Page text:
Demystifying Mindfulness

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Demystifying Mindfulness

Author: Laura Hobbs

Scrolling through your Facebook feed, you’re likely to come across one of the top buzzwords traversing today’s vast digital landscape: mindfulness. “How to Be More Mindful,” “Cultivate Mindfulness in 4 Easy Steps,” “How Technology is Affecting Your Mindfulness.” While these headlines all sound intriguing — and often leave us with a vague sense that we’re either 1) not doing it right or 2) should be doing something more — the term mindfulness is one that leaves a lot of us scratching our heads and wondering, “So…what is that, anyway?”

Let’s start with semantics. Merriam-Webster lends a (somewhat) helpful hand:

Mindfulness (n.) \ˈmīn(d)-fəl-nəs\

  1. the quality or state of being mindful

Oh, good. :/

  1. the practice of maintaining a nonjudgmental state of heightened or complete awareness of one's thoughts, emotions, or experiences on a moment-to-moment basis; also: such a state of awareness

A-ha! Now we’re onto something.

A term that’s widely used yet largely misunderstood, mindfulness has bumbled its way across today’s lumpy self-help terrain, suffering an unfortunate and unwarranted fall into the woo-woo new-agey category. In the spirit of salience and clarity, let’s take our definition one step further. Psychology Today defines mindfulness as:

A state of active, open attention on the present. When you're mindful, you observe your thoughts and feelings from a distance, without judging them good or bad. Instead of letting your life pass you by, mindfulness means living in the moment and awakening to experience.

Alright, this concept is beginning to gel. Mindfulness, in layman’s terms, is the act of being aware: aware of thoughts, aware of emotions, aware of physical sensations, aware of others.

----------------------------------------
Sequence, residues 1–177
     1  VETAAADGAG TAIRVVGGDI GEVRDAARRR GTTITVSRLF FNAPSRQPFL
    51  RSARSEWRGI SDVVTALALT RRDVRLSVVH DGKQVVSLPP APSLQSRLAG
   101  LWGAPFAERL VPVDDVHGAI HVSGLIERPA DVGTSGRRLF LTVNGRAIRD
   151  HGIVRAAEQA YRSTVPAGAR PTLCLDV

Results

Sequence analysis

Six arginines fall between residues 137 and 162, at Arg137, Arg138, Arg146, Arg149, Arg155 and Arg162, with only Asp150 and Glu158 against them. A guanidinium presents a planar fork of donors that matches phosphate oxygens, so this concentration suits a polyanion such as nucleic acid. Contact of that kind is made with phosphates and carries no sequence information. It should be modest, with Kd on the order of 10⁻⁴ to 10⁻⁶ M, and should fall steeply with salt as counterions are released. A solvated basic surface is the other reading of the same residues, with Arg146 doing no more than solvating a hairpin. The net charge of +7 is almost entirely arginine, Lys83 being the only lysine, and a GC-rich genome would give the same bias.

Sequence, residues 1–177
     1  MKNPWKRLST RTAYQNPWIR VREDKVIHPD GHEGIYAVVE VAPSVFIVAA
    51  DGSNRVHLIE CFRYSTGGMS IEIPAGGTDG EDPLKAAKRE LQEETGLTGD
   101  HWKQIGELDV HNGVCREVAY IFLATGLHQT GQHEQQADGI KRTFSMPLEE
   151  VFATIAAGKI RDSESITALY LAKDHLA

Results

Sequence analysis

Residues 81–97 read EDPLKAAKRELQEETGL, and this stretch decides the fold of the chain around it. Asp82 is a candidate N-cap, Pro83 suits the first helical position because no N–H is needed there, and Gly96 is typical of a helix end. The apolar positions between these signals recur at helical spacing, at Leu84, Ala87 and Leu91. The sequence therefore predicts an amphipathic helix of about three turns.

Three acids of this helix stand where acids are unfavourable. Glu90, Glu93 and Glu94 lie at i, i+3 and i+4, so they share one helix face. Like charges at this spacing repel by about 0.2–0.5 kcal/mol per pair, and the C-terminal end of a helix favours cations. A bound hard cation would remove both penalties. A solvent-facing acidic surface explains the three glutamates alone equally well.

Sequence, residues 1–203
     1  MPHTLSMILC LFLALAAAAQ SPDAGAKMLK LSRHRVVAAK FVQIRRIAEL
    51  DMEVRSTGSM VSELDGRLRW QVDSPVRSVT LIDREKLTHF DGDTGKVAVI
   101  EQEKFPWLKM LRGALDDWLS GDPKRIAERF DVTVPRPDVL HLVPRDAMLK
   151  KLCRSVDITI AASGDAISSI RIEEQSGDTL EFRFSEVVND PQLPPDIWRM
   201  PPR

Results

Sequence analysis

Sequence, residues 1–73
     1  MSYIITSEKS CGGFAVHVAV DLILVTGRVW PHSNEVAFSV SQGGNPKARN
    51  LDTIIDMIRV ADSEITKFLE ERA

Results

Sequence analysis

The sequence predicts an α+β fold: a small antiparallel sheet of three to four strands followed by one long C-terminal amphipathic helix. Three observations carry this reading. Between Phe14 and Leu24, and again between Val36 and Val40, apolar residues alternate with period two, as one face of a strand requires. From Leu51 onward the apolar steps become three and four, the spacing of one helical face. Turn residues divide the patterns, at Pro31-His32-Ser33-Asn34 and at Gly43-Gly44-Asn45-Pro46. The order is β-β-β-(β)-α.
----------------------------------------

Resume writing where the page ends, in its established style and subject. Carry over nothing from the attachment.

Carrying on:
Now, add to this awareness a sense of awakening. Think of the way the majority of us go through our daily lives. Because humans thrive on routine and predictability, our lives often become just that: a series of routines. We have our morning routines, our commute routines, our work routines, our evening routines. And eventually, these routines become — you guessed it — predictable. This predictability can eventually lead to auto-pilot mode, where we find ourselves cruising through our days, weeks, months, and years with a dull, colorless perception (or lack thereof) of the world around us. Boring and mind-numbing, right?

Right.

There’s a way out of the rut, and it’s through the practice of mindfulness. While we can practice mindfulness outwardly — paying more attention, listening more carefully, considering others more — we can also practice it inwardly through mindfulness meditation.

Wait, don’t go!

I promise, mindfulness meditation is approachable, helpful, and a great way to process the overload of information your brain absorbs every day. No monk robes required, no windswept mountaintops necessary. As I mentioned before, meditation is simply structured time for yourself to be quiet, reflect, and simply breathe. Ready to give your brain a break? Here are a few tips to get started.

  1. Start slowly. Rome wasn’t built in a day, and neither was a solid meditation practice. As a beginner, don’t get ahead of yourself by trying to sit for a long period of time. Start with three minutes and build from there. Your mind and body need time to adjust. When you feel ready, bump it to five minutes. Then seven. Then ten. And so on.
  1. Try the morning hours. As the day goes on, you’re less likely to get to the tasks you keep putting off. In the morning, your mind is fresher, clearer, and more open. This time is especially helpful if your home gets hectic later in the day.
  1. Stick with it. No doubt — you’ll get antsy. You’ll fidget. You’ll get frustrated. Sit with it and notice the emotions that arise. Feel them, observe them — and then watch them pass.
  1. Don’t overthink it. There’s nothing to “do” in meditation. You’re not trying to clear your mind of thoughts or think about only one thing; as humans, we’re hardwired to think. Focus on your breath, the sounds in the room, where your mind is going. In these quiet moments, you’ll be surprised what you hear.
  1. Make friends with yourself. Meditation isn’t a battle between you and your mind. Check in with yourself, ask questions, be curious. By bringing your attention to the present moment — and the thoughts created by it — you’ll get to know yourself better.

Take a few minutes and give it a go. Shut your laptop, turn off your phone, and find a comfortable seat. Don’t worry if you’re agitated or fussy in the beginning; give the mind-chatter some time to quiet down. After a few sessions, you’ll start to see small changes, and you’ll most likely find yourself being — imagine! — more mindful.




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